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Assemblyman
Michael Montesano
Assembly District 15
 
State’s Mapping Program New Weapon In Cancer Fight
Legislative column by Assemblyman Michael A. Montesano (R,I,C-Glen Head)
May 12, 2010

Last week, I attended a demonstration of New York’s latest weapons system. The event showcased an effective new tool against one of the planet’s deadliest threats. It looks as if this enemy is committed to a long war against us, but thanks to technological innovation and expanding research, it’s a fight we can ultimately win.

On May 10 I got a first look at the New York Cancer Incidence Map, the first of its kind in the state’s battle against leukemia, breast cancer, colon cancer, pancreatic cancer, ovarian cancer and other forms of the disease. The fully interactive online map is available to the public and will assist medical research teams in determining whether or not there are environmental, occupational or social factors influencing the rate of cancer. In addition, the Department of Health now will be able to track the occurrence of 23 kinds of cancer, making early detection of cancer clusters easier.

The NYS Cancer Incidence Map website is a joint initiative of the Department of Health and the Department of Environmental Conservation. It is designed to show the public a free record of specific counts of cancer in a geographical area as well as additional information about cancer causes at these sites. The combined information will not represent personal medical records of cancer sufferers; instead, the data comes directly out of the New York State Cancer Registry and does not jeopardize the confidentiality of individuals. The “Frequently Asked Questions” section is especially useful to those users interested in interpreting the map’s data effectively in the anti-cancer cause.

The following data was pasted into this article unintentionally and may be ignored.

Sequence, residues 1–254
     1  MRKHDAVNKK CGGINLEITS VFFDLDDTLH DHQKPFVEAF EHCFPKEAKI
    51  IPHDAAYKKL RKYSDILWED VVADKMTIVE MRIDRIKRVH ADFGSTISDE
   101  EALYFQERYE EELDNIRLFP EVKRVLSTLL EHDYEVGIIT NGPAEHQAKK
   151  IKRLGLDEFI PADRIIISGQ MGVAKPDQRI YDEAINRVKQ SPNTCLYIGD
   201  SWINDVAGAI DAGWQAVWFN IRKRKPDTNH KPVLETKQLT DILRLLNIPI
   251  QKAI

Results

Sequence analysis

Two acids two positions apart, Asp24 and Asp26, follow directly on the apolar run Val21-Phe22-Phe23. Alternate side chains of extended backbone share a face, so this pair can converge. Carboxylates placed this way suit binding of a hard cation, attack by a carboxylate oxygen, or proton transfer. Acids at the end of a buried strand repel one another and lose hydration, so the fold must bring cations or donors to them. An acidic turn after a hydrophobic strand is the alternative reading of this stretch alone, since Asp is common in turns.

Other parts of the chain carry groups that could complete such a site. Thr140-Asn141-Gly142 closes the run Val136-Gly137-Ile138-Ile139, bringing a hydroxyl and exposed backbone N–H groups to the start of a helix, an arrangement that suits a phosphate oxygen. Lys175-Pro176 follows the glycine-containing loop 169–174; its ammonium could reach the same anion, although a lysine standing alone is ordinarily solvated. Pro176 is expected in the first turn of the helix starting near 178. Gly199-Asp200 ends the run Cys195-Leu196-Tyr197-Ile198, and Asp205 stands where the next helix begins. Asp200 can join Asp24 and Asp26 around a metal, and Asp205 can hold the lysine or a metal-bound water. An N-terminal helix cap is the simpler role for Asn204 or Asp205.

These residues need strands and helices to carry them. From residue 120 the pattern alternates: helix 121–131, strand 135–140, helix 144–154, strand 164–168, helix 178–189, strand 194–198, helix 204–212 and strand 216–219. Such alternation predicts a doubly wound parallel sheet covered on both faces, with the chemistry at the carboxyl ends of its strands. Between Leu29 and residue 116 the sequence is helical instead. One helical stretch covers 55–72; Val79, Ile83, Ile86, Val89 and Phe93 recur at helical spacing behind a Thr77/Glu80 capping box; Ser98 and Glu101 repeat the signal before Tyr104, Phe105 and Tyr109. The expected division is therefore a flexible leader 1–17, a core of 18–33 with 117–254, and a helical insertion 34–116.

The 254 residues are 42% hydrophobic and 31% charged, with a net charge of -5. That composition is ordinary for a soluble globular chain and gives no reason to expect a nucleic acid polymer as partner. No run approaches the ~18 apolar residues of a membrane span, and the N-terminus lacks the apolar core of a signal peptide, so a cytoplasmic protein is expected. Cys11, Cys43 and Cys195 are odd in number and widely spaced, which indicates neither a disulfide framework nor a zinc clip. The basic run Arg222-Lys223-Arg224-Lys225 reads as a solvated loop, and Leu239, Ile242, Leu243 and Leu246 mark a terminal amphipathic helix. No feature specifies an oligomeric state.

Cancer is a threat we can’t afford to ignore. Every year, at least 100,000 New Yorkers are diagnosed with some form of cancer. In this fight, early information is at least as effective as medical treatment in providing these patients with a better chance at survival. Public officials and medical professionals need smarter cooperation to learn where cancer clusters are forming and their possible causes. The state’s Cancer Incidence Map is a welcome step in the right direction for cancer scientists and public servants. To view the map and learn more about cancer data in your area please visit www.nyhealth.gov/environmental-facilities-and-cancer-mapping today. To win this fight, first arm your fellow New Yorkers with information.

 
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